Research Article

Novel polymorphic microsatellite markers for Bellamya and their application in population genetics of three species

Published: November 26, 2015
Genet. Mol. Res. 14 (4) : 15201-15212 DOI: 10.4238/2015.November.25.8

Abstract

Bellamya is a widely distributed freshwater snail genus in China; however, its genetic diversity is completely unknown. Sixty-five novel microsatellite loci were isolated and characterized from a microsatellite-enriched library of Bellamya aeruginosa genomic DNA. Most of the 65 loci were successfully amplified. We found high polymorphic information content values for these loci, ranging from 0.235 to 0.892. There were 3 to 12 alleles per locus, and the HE and HO varied from 0.425 to 0.953 and 0.026 to 1.000, respectively. Fifteen loci deviated significantly from Hardy-Weinberg equilibrium after Bonferroni’s correction. All 65 SSR markers were tested in an additional five Bellamya species, and 96.9% of the 325 locus/taxon combinations tested resulted in cross-species amplification. Seven polymorphic microsatellite markers were randomly selected for comparison among nine populations of three species. All populations had moderate to high genetic diversity. In genetic distance-based cluster analysis, the populations of B. aeruginosa and B. dispiralis formed species-based clusters, whereas populations of B. angularia did not. The three examined Bellamya species could be differentiated using SSR markers. These microsatellite loci should be useful for genetic diversity analysis, analysis of phylogenetic relationship, and species delimitation of Bellamya.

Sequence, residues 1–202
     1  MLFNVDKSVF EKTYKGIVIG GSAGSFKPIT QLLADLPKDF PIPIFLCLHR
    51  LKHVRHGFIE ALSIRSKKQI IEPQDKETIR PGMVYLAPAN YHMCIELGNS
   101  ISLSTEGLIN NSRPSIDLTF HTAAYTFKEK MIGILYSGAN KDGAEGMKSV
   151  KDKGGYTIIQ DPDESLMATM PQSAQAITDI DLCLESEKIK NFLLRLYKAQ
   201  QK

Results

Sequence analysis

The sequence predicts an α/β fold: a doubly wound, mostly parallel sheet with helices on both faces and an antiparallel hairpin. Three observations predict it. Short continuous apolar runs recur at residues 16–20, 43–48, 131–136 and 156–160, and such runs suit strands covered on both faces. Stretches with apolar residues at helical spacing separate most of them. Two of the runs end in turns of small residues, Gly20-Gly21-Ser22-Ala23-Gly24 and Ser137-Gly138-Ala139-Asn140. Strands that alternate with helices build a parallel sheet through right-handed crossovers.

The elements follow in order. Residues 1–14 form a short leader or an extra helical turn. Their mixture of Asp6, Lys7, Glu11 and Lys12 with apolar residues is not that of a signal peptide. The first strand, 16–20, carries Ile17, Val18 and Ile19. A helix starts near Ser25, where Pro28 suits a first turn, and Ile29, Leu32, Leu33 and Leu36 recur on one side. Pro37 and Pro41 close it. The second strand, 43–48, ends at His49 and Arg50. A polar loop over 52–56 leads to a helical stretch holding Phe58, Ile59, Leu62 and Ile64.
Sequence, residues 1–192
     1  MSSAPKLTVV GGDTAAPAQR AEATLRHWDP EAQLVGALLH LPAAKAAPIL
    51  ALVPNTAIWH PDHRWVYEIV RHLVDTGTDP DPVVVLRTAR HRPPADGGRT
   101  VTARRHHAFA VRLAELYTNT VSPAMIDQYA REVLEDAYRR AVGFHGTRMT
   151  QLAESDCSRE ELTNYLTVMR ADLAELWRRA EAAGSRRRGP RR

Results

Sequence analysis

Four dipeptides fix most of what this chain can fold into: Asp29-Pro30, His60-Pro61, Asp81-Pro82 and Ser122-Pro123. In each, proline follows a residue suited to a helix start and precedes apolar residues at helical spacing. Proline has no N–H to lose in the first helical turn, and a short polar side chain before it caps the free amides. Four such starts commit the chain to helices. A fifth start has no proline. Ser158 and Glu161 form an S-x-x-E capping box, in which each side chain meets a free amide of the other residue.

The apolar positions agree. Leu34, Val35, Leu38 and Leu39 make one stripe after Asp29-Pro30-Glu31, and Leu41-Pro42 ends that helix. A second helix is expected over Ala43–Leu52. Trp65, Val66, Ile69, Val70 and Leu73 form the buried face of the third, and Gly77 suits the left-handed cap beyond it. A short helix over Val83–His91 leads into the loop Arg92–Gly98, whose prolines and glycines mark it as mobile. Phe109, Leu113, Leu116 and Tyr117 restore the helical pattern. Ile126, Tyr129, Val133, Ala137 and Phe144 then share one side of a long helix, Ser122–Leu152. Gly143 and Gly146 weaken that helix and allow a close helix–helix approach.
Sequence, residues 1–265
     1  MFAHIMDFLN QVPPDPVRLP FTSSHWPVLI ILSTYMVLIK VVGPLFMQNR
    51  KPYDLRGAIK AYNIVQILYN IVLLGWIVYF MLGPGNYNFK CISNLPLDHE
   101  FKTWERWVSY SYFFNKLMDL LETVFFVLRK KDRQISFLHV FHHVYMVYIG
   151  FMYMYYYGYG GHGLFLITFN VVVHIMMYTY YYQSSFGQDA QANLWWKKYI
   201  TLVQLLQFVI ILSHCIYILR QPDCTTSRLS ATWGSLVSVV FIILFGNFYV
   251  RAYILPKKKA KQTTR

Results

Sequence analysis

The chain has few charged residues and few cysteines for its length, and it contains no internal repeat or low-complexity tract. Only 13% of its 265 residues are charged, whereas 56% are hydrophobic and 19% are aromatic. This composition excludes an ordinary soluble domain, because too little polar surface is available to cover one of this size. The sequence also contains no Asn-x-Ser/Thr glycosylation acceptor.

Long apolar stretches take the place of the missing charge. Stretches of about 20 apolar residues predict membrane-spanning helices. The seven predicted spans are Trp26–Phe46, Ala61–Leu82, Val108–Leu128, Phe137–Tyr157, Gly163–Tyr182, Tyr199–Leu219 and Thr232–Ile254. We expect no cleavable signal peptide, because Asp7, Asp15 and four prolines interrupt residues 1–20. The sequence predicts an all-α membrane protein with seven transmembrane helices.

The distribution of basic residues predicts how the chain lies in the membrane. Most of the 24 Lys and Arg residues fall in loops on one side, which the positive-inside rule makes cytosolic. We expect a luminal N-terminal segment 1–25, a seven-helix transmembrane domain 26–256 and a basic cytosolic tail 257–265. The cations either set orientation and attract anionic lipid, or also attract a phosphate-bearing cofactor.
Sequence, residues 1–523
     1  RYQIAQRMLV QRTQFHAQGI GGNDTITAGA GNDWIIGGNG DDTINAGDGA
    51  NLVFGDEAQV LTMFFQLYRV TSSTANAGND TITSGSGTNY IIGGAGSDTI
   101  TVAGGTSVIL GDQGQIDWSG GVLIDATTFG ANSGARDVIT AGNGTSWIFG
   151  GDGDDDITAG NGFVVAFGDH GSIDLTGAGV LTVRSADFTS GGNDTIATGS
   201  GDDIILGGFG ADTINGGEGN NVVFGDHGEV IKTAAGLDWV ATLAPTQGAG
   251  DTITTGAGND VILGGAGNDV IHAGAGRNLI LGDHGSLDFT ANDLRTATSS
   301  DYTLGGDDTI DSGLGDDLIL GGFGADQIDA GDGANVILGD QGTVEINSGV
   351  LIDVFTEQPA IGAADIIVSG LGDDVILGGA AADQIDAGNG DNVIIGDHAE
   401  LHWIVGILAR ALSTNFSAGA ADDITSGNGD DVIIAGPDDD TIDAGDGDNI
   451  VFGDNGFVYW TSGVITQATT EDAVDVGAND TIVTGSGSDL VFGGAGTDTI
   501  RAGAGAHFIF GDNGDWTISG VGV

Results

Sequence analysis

Bellamya is a widely distributed freshwater snail genus in China; however, its genetic diversity is completely unknown. Sixty-five novel microsatellite loci were isolated and characterized from a microsatellite-enriched library of Bellamya aeruginosa genomic DNA. Most of the 65 loci were successfully amplified. We found high polymorphic information content values for these loci, ranging from 0.235 to 0.892. There were 3 to 12 alleles per locus, and the HE and HO varied from 0.425 to 0.953 and 0.026 to 1.000, respectively. Fifteen loci deviated significantly from Hardy-Weinberg equilibrium after Bonferroni’s correction. All 65 SSR markers were tested in an additional five Bellamya species, and 96.9% of the 325 locus/taxon combinations tested resulted in cross-species amplification. Seven polymorphic microsatellite markers were randomly selected for comparison among nine populations of three species. All populations had moderate to high genetic diversity. In genetic distance-based cluster analysis, the populations of B. aeruginosa and B. dispiralis formed species-based clusters, whereas populations of B. angularia did not. The three examined Bellamya species could be differentiated using SSR markers. These microsatellite loci should be useful for genetic diversity analysis, analysis of phylogenetic relationship, and species delimitation of Bellamya.

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